Jewelry Box 2016 - 6
The finished product, polished, sealed,  and ready for delivery
The 'unclean-able' black that remains adds character and helps emphasize the design


Jewelry Box 2016 - 9
The top detail looks quite different after a good cleaning.

The interior needed some work as well.   Someone tried to repair the interior lining with regular white glue.    ugh.   Who would do that.   Luckily, it was regular white glue.   A little dab of water and began to soften.  So another few nights to soften some flue, then gently tweezer it out without damaging the lining....

I didn't polish the bottom much - I wanted to keep that in something of an original state to see where I started.   There was some ID on the bottom - the initial JB and the number 1187.   Probably leads back to the manufacturer, but I've found nothing on line to help me...

Jewelry Box 2016 - 5
The bottom of the piece.  Identification marks?

As you can see, the finished product came out amazing.   Sealed with some Renaissance wax, I hope it stays in good condition for years to come.


Jewelry Box 2016 - 7
Interior of the box, with the 'casket' like puffy padding.



Jewelry Box 2016 - 11
Safely in the hands of the new owner.  I think she likes.   :)


You can see a few more Jewelry Box photos in my Flickr Album.



Monday, January 16, 2017

Stratford Point Light

I grew up in Lordship;   a small neighborhood at the tip of Stratford, CT.   Where the Houstaonic river meets Long Island Sound, a small lighthouse sits helping ships navigate.   The lighthouse is on private property, so I've never been able to explore it - until now.

Recently I was in CT for a wedding.  That weekend the lighthouse was having an open house - so I convinced Mom to take a side trip to check it out Stratford Point Light in detail..


Google Satellite image of the lighthouse site


The lighthouse itself is small.  Just over the height of a 2 story building, it pales in comparison to other lighthouses out  there.   But the Connecticut coast is rough terrain, and lighthouses dot the coastline.   This lighthouse is one of several markers at the mouth of the Housatonic.

Stratford light, as seen form the street/driveway

Placard on the property

It's interesting to visit as an adult the place that was such a mystery as a child.  The light was visible from anywhere in the neighborhood, especially if there was haze in the atmosphere.  Two quick flashes of light if you could see the lighthouse.   From my bedroom window, two arcs of light would race across the sky on foggy nights.   


Stratford Light 1
Stratford Point Light  

And the foghorn.  Just hearing one today brings back memories of the beach in pea soup fog;  the smell of salt water;  the gentle lap of waves on the sand.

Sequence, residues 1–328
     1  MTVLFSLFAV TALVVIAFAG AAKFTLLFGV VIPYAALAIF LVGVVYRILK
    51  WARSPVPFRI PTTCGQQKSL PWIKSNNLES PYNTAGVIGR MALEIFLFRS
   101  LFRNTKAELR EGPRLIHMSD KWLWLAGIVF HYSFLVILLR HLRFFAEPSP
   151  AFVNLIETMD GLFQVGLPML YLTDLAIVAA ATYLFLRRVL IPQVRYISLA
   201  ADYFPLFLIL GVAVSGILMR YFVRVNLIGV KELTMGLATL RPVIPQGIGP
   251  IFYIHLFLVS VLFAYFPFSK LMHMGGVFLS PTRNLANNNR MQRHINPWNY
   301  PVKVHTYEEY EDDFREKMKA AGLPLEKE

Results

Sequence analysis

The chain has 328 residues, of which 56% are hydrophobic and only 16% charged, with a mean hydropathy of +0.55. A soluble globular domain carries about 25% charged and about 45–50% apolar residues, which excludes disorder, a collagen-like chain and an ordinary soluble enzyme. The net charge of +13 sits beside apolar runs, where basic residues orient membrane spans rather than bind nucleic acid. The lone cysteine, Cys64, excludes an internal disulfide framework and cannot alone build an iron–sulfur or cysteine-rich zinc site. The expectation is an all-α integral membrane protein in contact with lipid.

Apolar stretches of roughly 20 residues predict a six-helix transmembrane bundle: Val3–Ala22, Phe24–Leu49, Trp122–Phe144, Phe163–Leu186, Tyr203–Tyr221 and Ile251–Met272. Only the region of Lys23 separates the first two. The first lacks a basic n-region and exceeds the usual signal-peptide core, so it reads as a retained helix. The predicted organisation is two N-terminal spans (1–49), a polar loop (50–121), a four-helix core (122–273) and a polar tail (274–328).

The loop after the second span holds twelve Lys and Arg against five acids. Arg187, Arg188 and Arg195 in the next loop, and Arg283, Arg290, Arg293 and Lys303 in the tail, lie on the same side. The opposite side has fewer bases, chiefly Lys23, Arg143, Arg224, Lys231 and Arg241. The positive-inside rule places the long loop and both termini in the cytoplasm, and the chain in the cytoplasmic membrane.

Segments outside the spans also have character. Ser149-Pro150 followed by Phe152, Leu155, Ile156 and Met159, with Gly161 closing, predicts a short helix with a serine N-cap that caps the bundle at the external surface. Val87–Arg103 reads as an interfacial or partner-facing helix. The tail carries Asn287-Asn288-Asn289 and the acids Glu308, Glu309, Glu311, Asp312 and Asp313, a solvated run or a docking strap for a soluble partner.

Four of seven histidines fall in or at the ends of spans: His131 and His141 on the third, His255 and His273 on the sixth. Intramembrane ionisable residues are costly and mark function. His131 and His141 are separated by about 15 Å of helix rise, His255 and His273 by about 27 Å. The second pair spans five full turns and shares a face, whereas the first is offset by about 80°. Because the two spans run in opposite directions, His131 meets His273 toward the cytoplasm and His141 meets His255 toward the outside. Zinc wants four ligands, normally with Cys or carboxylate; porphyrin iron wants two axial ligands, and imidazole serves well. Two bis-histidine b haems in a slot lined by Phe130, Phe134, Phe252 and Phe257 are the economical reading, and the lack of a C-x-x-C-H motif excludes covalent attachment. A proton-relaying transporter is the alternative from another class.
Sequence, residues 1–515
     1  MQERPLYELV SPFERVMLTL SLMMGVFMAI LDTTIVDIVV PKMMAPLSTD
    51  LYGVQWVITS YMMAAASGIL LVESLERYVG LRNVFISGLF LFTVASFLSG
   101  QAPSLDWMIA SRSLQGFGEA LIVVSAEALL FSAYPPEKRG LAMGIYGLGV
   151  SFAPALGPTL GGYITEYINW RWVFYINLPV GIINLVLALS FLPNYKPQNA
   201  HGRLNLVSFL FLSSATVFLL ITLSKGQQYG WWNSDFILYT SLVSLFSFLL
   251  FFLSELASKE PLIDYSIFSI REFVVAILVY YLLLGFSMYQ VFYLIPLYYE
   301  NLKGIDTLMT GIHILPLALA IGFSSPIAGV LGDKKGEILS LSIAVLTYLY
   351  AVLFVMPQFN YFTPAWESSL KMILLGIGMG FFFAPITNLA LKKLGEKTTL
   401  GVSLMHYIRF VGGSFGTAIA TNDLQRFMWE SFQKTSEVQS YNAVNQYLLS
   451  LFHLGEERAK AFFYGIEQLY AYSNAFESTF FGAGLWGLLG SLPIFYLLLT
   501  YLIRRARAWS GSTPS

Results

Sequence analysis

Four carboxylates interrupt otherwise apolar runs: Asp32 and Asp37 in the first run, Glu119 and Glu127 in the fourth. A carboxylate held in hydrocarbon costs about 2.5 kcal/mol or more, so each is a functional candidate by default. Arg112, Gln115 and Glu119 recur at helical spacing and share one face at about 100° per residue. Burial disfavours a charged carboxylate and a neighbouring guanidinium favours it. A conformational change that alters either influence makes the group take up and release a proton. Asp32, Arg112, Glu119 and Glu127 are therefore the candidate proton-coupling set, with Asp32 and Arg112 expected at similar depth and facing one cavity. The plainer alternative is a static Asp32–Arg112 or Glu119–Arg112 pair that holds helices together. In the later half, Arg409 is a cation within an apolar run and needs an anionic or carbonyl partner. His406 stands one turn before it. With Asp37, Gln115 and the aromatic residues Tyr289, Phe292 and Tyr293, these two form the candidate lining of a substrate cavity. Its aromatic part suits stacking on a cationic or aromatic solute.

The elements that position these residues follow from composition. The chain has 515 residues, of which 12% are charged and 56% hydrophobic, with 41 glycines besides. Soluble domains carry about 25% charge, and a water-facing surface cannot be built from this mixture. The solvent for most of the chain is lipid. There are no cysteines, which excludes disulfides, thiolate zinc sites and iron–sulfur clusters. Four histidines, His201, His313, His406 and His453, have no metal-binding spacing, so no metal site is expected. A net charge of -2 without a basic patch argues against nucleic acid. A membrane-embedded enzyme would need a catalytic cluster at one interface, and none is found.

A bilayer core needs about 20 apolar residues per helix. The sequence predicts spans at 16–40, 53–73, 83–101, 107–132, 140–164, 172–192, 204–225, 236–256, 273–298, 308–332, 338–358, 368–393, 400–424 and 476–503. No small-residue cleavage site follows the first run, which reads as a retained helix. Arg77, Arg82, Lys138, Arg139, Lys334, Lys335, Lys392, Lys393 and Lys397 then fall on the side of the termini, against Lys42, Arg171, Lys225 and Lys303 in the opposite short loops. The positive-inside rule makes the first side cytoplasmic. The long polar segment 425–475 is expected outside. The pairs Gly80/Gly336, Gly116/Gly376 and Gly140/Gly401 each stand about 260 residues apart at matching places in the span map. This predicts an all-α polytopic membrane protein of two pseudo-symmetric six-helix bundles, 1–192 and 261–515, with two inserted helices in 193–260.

The view while waiting in line to go up
The light could use a little TLC...

Mom decided to sit this one out and explored the grounds while I ventured inside.  The grounds had several vendor tables selling souvenirs and giving out various civic and coastguard information brochures.    



Placard on the entrance to the lighthouse


CG personnel giving us a history of the light

 Plenty of Coast Guard staff were on hand to ensure our safety and to give us some history.  In the image above, those are the lights that were in place when I was a kid growing up.  A more modern light source is in place now.    Stratford Light flashes twice, with 20 seconds between flash sets.


The Way Up
The staircase up to the next platform, rendered in Black & White


More education at the second level.  

the second level had a map of all the lighthouses on the CT coast.   There are a lot of them, although most are automated now...  A nice map of the area can be found on this PDF.


Stair from the 2nd level up to the light

Another visitor and I check out the light itself


While you see circular patterns on the light, it is no longer a fresnel lens.  


Stratford Light View
The view South from the light


The view East

Looking East, we can see the mouth of the Housatonic River, with the town of Milford in the background.  Below we can see some of the tents set up for the day. Adjacent to the lighthouse is Dupont property, once home of the Remington Gun Club.  The circular driveway can be seen, but the shooting areas are long gone.  The site, while still owned by Dupont, is cared for by the Connecticut Audubon society and operators as a protected migratory area.   More information on that area can be found here.  

The view West

Looking west we see several beaches.  the first cove is private.   The second cover is a mostly public beach (Russian Beach), with a few private beaches (the houses in the distance).  At the far point is "The seawall" - a small cluster of restaurants and a small hotel, as well as the seawall where you can park and watch the surf.  A perfect spot for ice cream on summer evenings.  Definite childhood memories of parking there during storms and watching the waves crash over us.   (History of the seawall)


Mom, checking out the lighthouse


All in all a fun morning out.  It was no Boston Light, but I enjoyed visiting a childhood icon.  A thanks to the Coast Guard volunteers, without whom the open house would not have happened.

Photos of the lighthouse throughout the decades.

Additional Stratford Light history.

Look for my next blog post, which will have more artistic impressions of Stratford Point

Also check out my Flickr photo stream